Transforming Early Childhood Discipline Policy through Collaborative Research and Evaluation
Nationwide, 17,000 three- and four-year-old children are expelled or suspended from preschool each year (U.S. Department of Education, 2016). In response, advocates and researchers have called on policy-makers to implement policies and legislation to prevent our youngest learners from entering the 'preschool-to-prison pipeline' before they have even begun formal schooling. This ongoing longitudinal evaluation of the implementation of our nation's most progressive legislative efforts today is directed by Dr. Kate Zinsser at the University of Illinois at Chicago. The research team consists of academic researchers, advocates, and policy-makers and the project has been funded by the UIC Office of Social Science Research and the Society for Community Research & Action (SCRA, a division of the American Psychological Association). To date, we have produced reports, presentations, and a peer-reviewed manuscript detailing findings from this multi-method, longitudinal study of the implementation of one state's approach to curtailing early childhood expulsion, Illinois Public Act 100-0105. Original survey and interview data were collected for this study from early childhood program administrators throughout the state. Our findings have already been used to enhance practice, policy, and dissemination efforts, while also documenting barriers and a need for more data. By sharing how our multidisciplinary coalition collaborated to collect, interpret, disseminate, and translate findings from this study, we hope to inform the development of collaborative partnerships in the study of similar policies in other jurisdictions.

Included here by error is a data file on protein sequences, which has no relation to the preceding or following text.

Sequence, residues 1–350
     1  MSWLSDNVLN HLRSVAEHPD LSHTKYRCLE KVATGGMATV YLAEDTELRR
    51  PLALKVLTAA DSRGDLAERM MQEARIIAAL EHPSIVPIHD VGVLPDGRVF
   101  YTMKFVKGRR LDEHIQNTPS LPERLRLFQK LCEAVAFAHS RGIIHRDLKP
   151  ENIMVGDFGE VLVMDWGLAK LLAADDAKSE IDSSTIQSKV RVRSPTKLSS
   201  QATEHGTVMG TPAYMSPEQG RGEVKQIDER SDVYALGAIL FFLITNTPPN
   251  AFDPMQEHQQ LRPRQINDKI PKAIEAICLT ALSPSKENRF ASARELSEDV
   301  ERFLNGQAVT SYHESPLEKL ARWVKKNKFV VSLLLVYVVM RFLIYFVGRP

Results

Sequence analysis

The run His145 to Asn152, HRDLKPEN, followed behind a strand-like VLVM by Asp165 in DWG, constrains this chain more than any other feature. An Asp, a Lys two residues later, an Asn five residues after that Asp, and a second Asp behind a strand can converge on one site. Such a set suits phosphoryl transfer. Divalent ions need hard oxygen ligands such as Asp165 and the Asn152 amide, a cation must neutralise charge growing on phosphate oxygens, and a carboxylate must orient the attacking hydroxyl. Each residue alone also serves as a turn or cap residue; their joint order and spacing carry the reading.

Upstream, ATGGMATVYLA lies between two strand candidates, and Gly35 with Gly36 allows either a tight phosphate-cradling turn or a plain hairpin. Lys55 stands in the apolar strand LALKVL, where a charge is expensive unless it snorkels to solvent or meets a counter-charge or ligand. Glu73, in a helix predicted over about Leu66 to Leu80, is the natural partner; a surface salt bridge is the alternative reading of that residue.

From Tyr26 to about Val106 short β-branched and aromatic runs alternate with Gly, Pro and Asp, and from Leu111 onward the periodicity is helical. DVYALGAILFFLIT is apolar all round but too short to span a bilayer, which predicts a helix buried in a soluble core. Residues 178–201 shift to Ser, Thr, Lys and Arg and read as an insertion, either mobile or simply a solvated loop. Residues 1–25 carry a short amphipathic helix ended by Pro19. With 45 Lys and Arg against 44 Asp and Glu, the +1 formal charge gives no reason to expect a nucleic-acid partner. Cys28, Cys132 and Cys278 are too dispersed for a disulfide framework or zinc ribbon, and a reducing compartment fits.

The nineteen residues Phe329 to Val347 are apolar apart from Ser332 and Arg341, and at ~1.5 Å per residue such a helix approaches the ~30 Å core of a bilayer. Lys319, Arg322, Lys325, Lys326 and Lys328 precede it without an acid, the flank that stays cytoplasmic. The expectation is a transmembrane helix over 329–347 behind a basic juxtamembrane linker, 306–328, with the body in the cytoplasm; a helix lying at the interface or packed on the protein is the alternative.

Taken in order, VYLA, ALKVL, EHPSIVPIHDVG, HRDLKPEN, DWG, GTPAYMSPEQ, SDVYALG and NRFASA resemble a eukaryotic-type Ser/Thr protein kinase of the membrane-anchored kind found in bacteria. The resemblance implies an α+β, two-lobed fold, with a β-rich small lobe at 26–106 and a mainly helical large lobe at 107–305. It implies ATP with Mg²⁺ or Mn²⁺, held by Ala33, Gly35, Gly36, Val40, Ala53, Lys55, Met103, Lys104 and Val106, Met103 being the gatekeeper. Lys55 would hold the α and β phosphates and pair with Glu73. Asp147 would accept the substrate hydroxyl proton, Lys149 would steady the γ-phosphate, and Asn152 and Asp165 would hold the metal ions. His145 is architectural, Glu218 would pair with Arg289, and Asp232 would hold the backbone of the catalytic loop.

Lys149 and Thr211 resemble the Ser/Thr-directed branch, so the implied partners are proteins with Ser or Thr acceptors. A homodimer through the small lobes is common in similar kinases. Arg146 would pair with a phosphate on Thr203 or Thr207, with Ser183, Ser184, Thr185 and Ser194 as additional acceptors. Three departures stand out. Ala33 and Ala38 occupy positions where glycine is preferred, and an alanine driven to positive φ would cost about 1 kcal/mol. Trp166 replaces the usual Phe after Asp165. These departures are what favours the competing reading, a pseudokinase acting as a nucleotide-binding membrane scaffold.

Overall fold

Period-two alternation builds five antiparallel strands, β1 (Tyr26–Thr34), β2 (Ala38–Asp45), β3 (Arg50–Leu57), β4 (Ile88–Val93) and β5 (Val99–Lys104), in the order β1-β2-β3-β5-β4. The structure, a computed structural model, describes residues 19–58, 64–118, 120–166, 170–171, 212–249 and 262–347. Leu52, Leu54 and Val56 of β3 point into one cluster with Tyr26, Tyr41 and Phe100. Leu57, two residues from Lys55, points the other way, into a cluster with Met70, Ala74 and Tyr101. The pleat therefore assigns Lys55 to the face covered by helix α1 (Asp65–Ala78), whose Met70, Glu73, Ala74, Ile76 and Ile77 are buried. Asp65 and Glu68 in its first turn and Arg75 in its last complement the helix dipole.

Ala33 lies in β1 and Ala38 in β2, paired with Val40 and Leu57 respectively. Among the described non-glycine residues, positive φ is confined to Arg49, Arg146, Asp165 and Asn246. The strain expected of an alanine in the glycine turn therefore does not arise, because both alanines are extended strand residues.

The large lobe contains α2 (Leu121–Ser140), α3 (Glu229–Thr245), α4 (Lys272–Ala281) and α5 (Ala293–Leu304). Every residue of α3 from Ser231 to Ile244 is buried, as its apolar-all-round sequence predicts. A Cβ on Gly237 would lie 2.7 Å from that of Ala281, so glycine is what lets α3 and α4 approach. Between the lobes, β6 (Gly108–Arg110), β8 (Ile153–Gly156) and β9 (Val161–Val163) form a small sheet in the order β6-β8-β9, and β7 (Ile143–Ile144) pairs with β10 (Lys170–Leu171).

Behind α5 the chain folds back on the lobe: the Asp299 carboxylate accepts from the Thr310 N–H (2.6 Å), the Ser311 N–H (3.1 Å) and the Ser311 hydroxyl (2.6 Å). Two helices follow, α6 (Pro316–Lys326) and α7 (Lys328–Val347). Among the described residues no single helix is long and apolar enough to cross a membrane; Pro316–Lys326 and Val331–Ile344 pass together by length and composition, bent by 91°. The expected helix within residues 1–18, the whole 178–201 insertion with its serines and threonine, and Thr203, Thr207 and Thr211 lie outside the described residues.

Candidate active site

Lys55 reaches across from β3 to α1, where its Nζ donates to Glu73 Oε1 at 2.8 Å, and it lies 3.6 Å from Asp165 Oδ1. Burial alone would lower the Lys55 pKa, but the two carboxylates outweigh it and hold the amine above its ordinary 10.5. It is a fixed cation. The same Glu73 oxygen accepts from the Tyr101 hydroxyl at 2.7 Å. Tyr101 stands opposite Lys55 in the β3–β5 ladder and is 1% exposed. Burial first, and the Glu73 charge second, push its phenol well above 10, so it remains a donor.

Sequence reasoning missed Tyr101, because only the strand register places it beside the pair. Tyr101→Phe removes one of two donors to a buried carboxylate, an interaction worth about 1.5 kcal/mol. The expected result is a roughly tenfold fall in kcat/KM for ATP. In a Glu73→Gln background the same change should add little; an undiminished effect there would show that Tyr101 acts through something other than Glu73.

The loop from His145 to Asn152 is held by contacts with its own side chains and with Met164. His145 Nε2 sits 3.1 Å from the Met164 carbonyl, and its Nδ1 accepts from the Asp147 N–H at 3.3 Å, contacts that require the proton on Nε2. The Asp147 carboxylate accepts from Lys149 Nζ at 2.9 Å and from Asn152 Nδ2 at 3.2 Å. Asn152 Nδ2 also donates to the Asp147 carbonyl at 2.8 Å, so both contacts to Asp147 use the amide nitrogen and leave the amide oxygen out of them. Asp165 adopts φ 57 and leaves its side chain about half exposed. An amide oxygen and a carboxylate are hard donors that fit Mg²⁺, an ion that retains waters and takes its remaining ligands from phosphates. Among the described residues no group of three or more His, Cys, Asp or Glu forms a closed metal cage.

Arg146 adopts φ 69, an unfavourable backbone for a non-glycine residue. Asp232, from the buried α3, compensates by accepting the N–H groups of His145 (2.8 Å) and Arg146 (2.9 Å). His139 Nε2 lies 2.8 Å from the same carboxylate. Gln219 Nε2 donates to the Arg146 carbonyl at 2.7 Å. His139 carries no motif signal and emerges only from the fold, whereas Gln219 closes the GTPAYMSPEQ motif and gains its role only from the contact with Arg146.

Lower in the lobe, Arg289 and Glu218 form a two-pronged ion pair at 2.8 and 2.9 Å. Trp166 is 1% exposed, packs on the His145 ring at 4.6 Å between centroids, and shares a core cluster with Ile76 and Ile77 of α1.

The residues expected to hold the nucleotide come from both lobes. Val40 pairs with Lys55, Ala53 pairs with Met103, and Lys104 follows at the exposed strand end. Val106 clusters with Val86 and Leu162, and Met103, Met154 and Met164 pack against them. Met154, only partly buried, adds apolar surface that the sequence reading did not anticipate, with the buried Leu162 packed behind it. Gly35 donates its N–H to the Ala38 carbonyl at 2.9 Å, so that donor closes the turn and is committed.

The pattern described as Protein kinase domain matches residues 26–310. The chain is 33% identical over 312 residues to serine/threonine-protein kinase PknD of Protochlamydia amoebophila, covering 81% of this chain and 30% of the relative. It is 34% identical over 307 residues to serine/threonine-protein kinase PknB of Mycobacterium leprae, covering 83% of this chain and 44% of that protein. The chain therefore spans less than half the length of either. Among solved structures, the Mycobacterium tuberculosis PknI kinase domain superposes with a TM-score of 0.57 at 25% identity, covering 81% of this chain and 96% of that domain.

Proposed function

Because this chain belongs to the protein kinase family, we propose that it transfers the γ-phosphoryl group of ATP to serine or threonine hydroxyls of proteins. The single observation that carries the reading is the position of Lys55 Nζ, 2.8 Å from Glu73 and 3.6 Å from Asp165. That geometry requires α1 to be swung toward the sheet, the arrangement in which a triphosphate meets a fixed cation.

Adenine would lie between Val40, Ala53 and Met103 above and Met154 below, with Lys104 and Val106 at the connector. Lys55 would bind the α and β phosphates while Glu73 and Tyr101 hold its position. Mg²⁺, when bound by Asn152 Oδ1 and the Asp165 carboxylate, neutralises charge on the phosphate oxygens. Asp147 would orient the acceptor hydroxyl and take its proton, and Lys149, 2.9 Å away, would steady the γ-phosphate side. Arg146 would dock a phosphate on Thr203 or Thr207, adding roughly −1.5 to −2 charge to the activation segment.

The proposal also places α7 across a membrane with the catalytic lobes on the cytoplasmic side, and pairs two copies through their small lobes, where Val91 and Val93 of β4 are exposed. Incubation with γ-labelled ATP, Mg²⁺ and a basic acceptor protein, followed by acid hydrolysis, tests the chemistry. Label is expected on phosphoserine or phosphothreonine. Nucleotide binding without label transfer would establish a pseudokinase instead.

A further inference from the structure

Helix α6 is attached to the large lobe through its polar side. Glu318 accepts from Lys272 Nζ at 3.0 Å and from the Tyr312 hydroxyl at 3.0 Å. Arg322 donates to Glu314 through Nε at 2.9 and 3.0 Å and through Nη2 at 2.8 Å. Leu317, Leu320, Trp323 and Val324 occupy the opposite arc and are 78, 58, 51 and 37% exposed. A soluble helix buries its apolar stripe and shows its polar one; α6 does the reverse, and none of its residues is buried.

Study of Families' Opportunities and Choices after Children's Early Exclusion (FOCCEE)